In ‘writing’ news, I am working on piecing together something comprehensible for my advisor to see where I am at in terms of my thesis outline, research direction, and relevant reading notes. The trouble for me is that I am having a hard time knowing where to begin (towards comprehensibility). I have always been the type to flounder in chaos until the the moment the dam breaks and I become incredibly productive – but working towards breaking that dam is always the hardest challenge I seem to face. While I have always been one to take as many classes as I could, and load up my schedule, the course on the figure that I am taking is pre-occupying me (in a good way). There is alot of reading weekly (as any PhD course should be) and since alot of it is new to me (damn me for switching disciplines at this stage! lol) I am finding it alot of work to go from reading as new information (sponging up everything I reading) and being able to approach the readings with a critical mind. I do think in the end, come December, it will all come together. I see alot of material in this course (and area of study) that could be very useful for some parts of my thesis.
Last year, I had commented a few times about how my program often talked about the “death of cinema” at the merciless hands of the digital (sometimes directly, sometimes this was my impression of the paradigmic shfts we discussed…). Last week, I read an article that, while seeming painfully familiar, I really enjoyed. Thomas Elsaesser’s “The New Film History as Media Archeology“ in the journal Cinémas. For me, it is refreshing to talk about change in technology from a non-linear perspective, and to approach the introduction of new technologies simply as movement – but not necessarily negative (or positive).. just .. different .. Thats not quite what Elsaesser says, but I walked away from reading that article feeling satisfied with the direction the article was headed.
There is a full day symposium titled “THE PHILOSOPHY OF IDENTITY IN THE VIRTUAL” (April 23). It is part of the 3 day conference on Virtual Reality. Although there is a design / technical slant, I am absolutely excited about the potential of the symposium. Directly from the symposium’s website, here is the preamble:
Difference, Relation and Identity are three notions that are fundamentals for the success of Virtual Reality technologies (VR and AR). The aim of this symposium is to conceptualise the Identity of an individual as a scientific concept whilst acknowledging the fact that Identity cannot be studied without considering the other two notions. The pros and cons of designing identities for or within VR become obvious upon admitting that representating any Self will be interpreted at some point by someone having his own values, opinions and experience in life. Members of our society that self-procure, attribute or redistribute Identity in the Virtual World bring about psychological enquiries in relation to user intentionality, specific uses of VR applications or general modifications to our ways of communicating. Usability issues addressing the problem of Identity have not yet been integrated into long-term visions of society and our needs. The Chair of the session is thus open to all existential, ethical and epistemological issues having to do with Identity in Virtual Communities.
What a great way to start your morning! If you need external storage and enjoy taking the head off a teddy bear, this is for you. The teddy bear usb drive – not to be used around children under the age of 5
The first meeting of the fall semester for gameCODE takes place this coming Friday (Sept, 12th), 12:00pm, 11th floor Hall Building, Concordia University, Rm H-1122 (i am pretty sure!). This meeting aims to be an informational meeting to meet and greet new faces, discuss the goals and itinerary for the fall and any other relevant ramblings, followed (of course) by drinks at McKibbins. If you are interested, and in Montreal, feel free to drop by.
Cannot believe that it is September already. It’s ok – as it has always been my favorite month. Always the start of new classes, new faces, new projects… or perhaps the fact that my birthday, my mother’s and my youngest daughter’s birthday are this month (actually, they share theirs, and mine’s the day before!).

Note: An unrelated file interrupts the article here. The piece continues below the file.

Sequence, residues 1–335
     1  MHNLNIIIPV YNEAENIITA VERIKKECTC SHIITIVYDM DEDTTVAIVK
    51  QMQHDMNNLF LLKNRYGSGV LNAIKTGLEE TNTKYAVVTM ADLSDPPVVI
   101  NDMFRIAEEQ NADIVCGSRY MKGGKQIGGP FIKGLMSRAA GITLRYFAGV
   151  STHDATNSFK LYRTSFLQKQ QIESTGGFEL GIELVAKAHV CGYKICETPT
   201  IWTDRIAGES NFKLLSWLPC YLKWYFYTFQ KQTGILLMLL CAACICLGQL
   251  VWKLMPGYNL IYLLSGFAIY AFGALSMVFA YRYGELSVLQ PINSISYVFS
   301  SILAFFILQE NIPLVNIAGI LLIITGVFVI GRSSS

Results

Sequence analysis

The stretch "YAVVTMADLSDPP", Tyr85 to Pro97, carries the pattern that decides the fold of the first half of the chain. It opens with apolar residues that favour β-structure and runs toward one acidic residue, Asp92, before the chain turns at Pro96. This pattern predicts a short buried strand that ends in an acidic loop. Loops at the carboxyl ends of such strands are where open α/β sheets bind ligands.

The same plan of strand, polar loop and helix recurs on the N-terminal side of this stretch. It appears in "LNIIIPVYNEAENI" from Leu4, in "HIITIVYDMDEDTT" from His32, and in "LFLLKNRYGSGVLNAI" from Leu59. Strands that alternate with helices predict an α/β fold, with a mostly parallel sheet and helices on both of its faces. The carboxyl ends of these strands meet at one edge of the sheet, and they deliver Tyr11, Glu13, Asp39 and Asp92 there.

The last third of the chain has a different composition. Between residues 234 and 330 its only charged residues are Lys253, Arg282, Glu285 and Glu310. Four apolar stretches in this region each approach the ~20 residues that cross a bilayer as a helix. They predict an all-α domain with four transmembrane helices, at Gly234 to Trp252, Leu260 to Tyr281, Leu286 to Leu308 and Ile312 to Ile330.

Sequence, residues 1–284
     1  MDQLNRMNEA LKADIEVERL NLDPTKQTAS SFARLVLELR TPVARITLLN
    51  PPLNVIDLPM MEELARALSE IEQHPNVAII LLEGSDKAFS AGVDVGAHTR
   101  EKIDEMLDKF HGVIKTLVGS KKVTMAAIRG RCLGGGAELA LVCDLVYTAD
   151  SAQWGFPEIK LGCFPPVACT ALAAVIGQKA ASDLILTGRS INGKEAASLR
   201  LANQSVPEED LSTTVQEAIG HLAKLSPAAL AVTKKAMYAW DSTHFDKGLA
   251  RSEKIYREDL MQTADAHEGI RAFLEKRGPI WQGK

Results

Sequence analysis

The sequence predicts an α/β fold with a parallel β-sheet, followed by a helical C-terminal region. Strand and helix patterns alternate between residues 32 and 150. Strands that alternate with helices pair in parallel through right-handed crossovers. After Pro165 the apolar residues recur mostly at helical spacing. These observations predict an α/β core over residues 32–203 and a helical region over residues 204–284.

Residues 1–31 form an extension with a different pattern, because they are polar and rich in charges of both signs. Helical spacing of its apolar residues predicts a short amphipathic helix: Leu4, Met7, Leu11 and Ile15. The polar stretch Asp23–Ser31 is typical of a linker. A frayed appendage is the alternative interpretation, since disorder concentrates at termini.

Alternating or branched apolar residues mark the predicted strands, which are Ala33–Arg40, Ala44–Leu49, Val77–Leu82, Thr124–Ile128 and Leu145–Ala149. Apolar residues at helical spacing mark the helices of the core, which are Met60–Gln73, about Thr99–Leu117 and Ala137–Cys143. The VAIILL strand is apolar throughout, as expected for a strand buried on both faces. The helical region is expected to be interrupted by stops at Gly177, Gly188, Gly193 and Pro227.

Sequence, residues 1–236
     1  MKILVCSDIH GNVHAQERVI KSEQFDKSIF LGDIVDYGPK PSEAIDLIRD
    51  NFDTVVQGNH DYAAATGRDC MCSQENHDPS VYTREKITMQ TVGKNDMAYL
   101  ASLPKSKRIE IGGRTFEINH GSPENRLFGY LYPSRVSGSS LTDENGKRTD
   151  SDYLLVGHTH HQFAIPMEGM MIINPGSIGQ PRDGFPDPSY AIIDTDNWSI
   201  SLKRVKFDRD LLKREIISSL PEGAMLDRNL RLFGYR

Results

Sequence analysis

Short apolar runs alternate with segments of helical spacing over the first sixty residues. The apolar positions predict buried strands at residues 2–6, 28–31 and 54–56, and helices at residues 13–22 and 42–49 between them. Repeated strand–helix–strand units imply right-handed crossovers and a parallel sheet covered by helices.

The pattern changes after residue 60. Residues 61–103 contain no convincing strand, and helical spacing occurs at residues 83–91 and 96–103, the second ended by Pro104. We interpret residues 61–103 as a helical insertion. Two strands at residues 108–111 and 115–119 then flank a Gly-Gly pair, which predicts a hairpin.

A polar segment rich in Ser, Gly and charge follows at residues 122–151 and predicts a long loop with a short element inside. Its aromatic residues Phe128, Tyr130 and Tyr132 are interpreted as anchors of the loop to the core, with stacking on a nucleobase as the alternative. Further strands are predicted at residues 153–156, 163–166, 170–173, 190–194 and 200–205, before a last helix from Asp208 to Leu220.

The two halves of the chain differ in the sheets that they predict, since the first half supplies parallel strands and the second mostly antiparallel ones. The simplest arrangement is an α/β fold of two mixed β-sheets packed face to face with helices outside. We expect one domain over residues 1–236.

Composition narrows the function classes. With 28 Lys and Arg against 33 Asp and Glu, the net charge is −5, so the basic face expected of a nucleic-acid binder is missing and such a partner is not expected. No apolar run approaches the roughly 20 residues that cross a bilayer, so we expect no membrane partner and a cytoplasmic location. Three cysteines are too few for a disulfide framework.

I am enrolled in my last formal class of my university education this semester, so it is a momentous occasion. I must admit, one that makes me a little nervous. It seems that I have been in a classroom, listening to lectures and preparing papers, presentations etc forever. Although I still have my comprehensive exams in January, and a thesis to write, the next time I have to sit through a class, it may very well be my own (wishful thinking perhaps? lol). I am taking a class on “The Figure” at Concordia’s Mel Hoppenheim’s School of Cinema. Below is the course description. I am a bit nervous to delve into the course material, as at the moment, I only have a layman’s idea of what “the figure in film” means. I am looking forward to though, so it should be good.
FMST 803/2 Seminar in Film and Moving Image Theory
Special Topic: The figure in film.
In aesthetic theory related to the visual art disciplines, figuration denotes the act of representing through figures, that is, shapes or forms of bodies or objects. In rhetoric and literary theory, figuration refers to the use of words to connote meanings that deviate from regular use and is closer to visual than verbal types of expression. Film scholars and practitioners have recurrently been drawn to the term ³figure,² whether as an aesthetic and formal element of films, a rhetorical strategy of cinematic representation or address, a metaphorical representation of the human body, or an allegorical dimension of film discourse and of the audiovisual culture in general. Yet the term keeps eluding a strict definition.
This seminar examines the figure in the cinema as an element that brings together the conceptual and sensorial components and activities involved in filmmaking as an artistic praxis and blurs the distinction between linguistic and visual discourse. The course investigates the ways in which figuration-directly or indirectly-has been used as an analytic approach to film and as a specific strategy of representation in a number of filmic and audio-visual practices.
The seminar is structured into three parts. The first part illustrates the relations that the figure establishes between cinematic techniques and linguistic codes, different artistic practices and theories, various phases of the filmmaking process. The second part of the course examines the process of figuration in relation to a crucial issue in contemporary aesthetic theory and philosophy: the status and the function of the artwork in a postmodern culture that rejects totalizing or transcendental notions of representation and within an audio-visual environment that is ingrained in the virtual system of new media and information technology. In the third part of the seminar students will apply the notion of figure to a case study of their own choice, which may be a film or a filmic corpus, an audio-visual form or style, a theoretical approach to film. The project will be presented in class and further developed in an essay paper.